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I have mistakenly loaded duplicate files into a database table (IBM DB2 v9.7). I need to delete the duplicate records without deleting valid data.

Initially, I though of HAVING count(*) > 1 as the solution to my problem but this will not work. Our supplier produces parts with modified specs so a file may be loaded more than once with valid data.

I know a few things:

  1. the date range for my duplicate records: between '2012-08-27' and '2012-09-02'
  2. the attributes to use to validate data

This is my SQL code to identify the dupes:

SELECT CAST(ENDDATE AS DATE) ENDDATE,CAST(LOADEDON AS DATE),SUBSTR(SITEID,1,20) SITEID,SUBSTR(LOCATIONNAME_1,1,20),SUBSTR(RID,1,15),COUNT(RID) FROM AUTOMATION WHERE CAST(ENDDATE AS DATE) BETWEEN '2012-08-27' AND '2012-09-02' GROUP BY CAST(ENDDATE AS DATE),CAST(LOADEDON AS DATE),SUBSTR(SITEID,1,20),SUBSTR(LOCATIONNAME_1,1,20),SUBSTR(RID,1,15) ORDER BY 5 ASC FOR FETCH ONLY WITH UR

EDIT: set of columns that can be used to specify a duplicate are RID,LOADEDON and FILENAME (not shown here).

This is a sample output

08/29/2012 09/05/2012 JGS Memphis          JGS Memphis          029369751671            518
09/01/2012 09/05/2012 Reynosa              Reynosa              029054883474            521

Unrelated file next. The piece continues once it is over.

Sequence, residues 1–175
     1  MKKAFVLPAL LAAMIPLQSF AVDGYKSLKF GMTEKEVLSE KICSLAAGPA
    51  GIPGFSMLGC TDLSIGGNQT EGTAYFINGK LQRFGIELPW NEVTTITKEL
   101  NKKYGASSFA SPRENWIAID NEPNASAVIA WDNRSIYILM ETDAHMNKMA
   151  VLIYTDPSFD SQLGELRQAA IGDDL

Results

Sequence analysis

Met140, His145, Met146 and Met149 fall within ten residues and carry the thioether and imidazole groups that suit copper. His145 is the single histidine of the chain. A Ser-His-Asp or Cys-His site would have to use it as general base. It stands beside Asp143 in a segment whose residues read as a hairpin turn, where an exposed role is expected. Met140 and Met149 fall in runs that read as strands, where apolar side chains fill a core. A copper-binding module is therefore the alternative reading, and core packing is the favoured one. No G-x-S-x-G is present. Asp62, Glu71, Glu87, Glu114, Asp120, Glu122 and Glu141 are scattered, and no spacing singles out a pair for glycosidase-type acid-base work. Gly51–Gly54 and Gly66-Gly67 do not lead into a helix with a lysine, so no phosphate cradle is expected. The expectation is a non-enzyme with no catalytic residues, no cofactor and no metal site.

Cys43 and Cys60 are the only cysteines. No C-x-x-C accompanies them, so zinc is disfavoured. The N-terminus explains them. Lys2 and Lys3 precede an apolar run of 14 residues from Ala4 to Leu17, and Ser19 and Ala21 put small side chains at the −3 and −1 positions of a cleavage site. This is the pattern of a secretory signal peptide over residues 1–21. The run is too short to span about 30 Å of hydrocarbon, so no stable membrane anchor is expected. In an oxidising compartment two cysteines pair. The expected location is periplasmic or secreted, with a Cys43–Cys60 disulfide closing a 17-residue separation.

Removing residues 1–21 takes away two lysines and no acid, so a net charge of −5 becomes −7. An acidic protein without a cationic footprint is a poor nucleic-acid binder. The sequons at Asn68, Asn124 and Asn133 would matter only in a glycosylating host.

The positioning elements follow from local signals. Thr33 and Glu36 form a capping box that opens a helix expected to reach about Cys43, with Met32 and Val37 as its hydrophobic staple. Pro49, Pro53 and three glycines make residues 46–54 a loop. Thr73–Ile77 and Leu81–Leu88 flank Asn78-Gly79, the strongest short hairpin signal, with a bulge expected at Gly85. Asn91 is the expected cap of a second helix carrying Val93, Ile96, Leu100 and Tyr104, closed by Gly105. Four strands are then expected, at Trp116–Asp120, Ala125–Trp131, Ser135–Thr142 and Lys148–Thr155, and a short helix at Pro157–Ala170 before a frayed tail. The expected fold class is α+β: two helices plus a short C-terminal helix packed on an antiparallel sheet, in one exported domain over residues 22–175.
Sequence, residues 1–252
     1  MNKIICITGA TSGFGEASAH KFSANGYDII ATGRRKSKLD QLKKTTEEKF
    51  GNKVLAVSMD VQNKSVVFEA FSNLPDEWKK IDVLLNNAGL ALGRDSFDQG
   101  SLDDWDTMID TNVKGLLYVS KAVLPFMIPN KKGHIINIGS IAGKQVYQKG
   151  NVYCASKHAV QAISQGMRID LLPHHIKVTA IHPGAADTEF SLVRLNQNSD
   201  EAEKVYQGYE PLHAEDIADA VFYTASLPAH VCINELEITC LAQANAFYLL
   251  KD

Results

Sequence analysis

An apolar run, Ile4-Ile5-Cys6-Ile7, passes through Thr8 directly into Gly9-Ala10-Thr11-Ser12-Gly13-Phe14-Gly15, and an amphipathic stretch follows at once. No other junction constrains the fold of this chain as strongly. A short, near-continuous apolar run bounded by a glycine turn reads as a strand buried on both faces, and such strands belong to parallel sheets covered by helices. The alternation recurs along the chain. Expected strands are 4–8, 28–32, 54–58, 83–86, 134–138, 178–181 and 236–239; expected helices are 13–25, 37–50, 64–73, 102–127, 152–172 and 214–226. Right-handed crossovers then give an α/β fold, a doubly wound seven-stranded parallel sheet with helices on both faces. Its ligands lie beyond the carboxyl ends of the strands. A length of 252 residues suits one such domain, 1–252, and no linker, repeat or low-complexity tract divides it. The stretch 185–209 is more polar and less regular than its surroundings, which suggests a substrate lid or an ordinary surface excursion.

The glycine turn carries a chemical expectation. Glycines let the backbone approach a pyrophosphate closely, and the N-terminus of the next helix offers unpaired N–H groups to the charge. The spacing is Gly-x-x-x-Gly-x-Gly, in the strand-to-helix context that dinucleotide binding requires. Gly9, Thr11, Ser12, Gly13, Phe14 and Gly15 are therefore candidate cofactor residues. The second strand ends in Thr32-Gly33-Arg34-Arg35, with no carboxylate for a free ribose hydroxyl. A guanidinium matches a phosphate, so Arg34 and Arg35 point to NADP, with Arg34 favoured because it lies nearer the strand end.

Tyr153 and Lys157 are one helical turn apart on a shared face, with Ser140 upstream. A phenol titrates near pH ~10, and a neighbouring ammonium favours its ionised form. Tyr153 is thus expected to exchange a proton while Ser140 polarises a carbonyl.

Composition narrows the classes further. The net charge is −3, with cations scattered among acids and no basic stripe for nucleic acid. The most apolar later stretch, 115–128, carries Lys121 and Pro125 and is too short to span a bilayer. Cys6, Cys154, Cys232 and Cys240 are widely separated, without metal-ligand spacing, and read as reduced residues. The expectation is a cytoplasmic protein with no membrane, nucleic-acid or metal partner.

08/29/2012 09/05/2012 JGS Memphis          JGS Memphis          028881223425            522

I want to delete all the duplicate records in the timeframe '2012-08-27' AND '2012-09-02' without deleting the records that are loaded N times for legit reasons.

Note: the table does not have a primary key (like Rowid in MS Sqlserver, for instance)

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Can't you just do a rollback? –  Kermit Sep 14 '12 at 19:49
    
Caught the error this morning. It happened last week. I was too late. –  Chris Sep 14 '12 at 19:53
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2 Answers

up vote 2 down vote accepted

I can't quite tell which set of columns specifies a duplicate. The following assumes that it is the columns in your sample output:

delete from (select t.*,
                    row_number() over (partition by enddate, loadedon, siteid order by loadedon desc) as seqnum
             from automation t
            ) t
where seqnum > 1

This uses row_number() to assign sequential numbers and deletes all but the first row, guaranteeing that one stays in the database.

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Did the trick. Thank you. –  Chris Sep 17 '12 at 19:42
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Unless you have some way to tell the difference between a record that is completely identical to some other record record, but is good, and a record that is also completely identical to some other record, but isn't good, then there really isn't any way to do that. Or did I miss something in the question?

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